As the spouse of a person who has passed away, you are not certain about how well their will can hold up in court. They willed away several of the assets that you'd like to keep in your possession. As the spouse of the decedent, you believe that everything should pass to you.
As the surviving spouse, you should know that the state you're in makes a difference. Tennessee is a common-law state, which means that you are not entitled to a half interest in all property that was acquired while you were married.
Why does it matter what state you're in?
In a common-law state, the person's name on a title makes a difference. For example, if your home is only in your spouse's name, then the likelihood is that they could potentially will it away without you having a right to it. There are special rules that apply, though, to protect you from complete disinheritance.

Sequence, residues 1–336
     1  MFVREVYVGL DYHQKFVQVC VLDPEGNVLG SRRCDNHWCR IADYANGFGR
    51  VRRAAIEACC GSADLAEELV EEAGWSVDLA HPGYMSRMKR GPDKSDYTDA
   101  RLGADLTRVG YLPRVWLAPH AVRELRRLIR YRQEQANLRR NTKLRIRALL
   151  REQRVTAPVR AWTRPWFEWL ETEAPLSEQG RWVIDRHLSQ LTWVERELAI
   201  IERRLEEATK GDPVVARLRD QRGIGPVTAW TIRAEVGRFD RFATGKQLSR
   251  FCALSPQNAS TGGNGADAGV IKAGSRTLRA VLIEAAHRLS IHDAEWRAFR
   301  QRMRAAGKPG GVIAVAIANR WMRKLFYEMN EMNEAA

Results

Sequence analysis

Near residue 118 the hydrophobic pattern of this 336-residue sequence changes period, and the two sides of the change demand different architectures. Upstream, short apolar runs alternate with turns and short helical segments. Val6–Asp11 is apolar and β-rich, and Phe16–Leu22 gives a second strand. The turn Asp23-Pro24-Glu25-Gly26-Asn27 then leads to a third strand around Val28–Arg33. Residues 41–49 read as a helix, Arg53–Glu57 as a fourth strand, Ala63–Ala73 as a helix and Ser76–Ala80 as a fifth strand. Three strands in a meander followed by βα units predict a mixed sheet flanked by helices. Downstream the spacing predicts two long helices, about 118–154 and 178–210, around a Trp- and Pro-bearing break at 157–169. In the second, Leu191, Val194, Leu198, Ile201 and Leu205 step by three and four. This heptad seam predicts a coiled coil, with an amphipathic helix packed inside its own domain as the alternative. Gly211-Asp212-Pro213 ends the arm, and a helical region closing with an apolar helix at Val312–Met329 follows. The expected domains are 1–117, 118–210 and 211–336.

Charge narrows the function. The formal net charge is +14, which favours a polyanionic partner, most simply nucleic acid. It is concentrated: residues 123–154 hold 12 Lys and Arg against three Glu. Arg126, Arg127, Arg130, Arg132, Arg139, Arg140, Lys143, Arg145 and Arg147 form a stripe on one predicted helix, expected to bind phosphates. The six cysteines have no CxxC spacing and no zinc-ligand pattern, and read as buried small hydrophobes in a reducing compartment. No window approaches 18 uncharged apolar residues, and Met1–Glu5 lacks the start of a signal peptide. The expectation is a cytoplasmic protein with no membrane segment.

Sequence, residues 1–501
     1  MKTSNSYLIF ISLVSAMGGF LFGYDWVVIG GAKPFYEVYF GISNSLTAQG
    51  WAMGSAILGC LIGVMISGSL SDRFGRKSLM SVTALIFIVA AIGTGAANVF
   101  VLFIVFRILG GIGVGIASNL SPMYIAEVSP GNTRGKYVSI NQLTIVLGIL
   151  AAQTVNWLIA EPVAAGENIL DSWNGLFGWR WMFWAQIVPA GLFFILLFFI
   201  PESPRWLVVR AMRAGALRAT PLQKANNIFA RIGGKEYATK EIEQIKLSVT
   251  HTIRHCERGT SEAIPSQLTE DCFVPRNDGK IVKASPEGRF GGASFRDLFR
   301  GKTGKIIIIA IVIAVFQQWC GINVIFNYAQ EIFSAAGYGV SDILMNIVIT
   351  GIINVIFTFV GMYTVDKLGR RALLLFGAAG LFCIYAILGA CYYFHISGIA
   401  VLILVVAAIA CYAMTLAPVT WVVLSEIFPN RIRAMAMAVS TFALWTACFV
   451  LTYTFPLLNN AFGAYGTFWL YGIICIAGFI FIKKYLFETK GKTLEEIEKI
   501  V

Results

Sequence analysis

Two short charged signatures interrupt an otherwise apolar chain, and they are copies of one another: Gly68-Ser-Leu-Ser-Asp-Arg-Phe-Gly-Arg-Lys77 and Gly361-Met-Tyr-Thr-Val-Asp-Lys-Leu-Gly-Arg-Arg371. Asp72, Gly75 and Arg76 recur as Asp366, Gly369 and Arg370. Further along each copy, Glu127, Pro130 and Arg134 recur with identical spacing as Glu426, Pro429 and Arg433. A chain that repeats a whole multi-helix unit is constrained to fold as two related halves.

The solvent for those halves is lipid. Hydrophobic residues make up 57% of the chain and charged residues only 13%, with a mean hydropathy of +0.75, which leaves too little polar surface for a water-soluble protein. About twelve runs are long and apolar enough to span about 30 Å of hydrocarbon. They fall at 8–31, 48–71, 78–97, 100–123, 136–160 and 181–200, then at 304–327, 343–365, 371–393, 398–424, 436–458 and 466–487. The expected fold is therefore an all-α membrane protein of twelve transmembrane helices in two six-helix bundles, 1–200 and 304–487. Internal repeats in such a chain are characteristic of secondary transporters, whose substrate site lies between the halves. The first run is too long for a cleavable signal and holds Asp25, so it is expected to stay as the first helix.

For example, you can claim one-third of your deceased spouse's property regardless of the will. Even if your spouse only left you a quarter or less of the estate, you'd have a right to go to court to seek the full amount allowed by law. However, you must act quickly, because a will can be carried out as written if you don't go to court to seek a change or if you agree with the amount you've been given.
As a surviving spouse, you need to understand your rights. Our site has more on what to expect if you are the heir of an estate.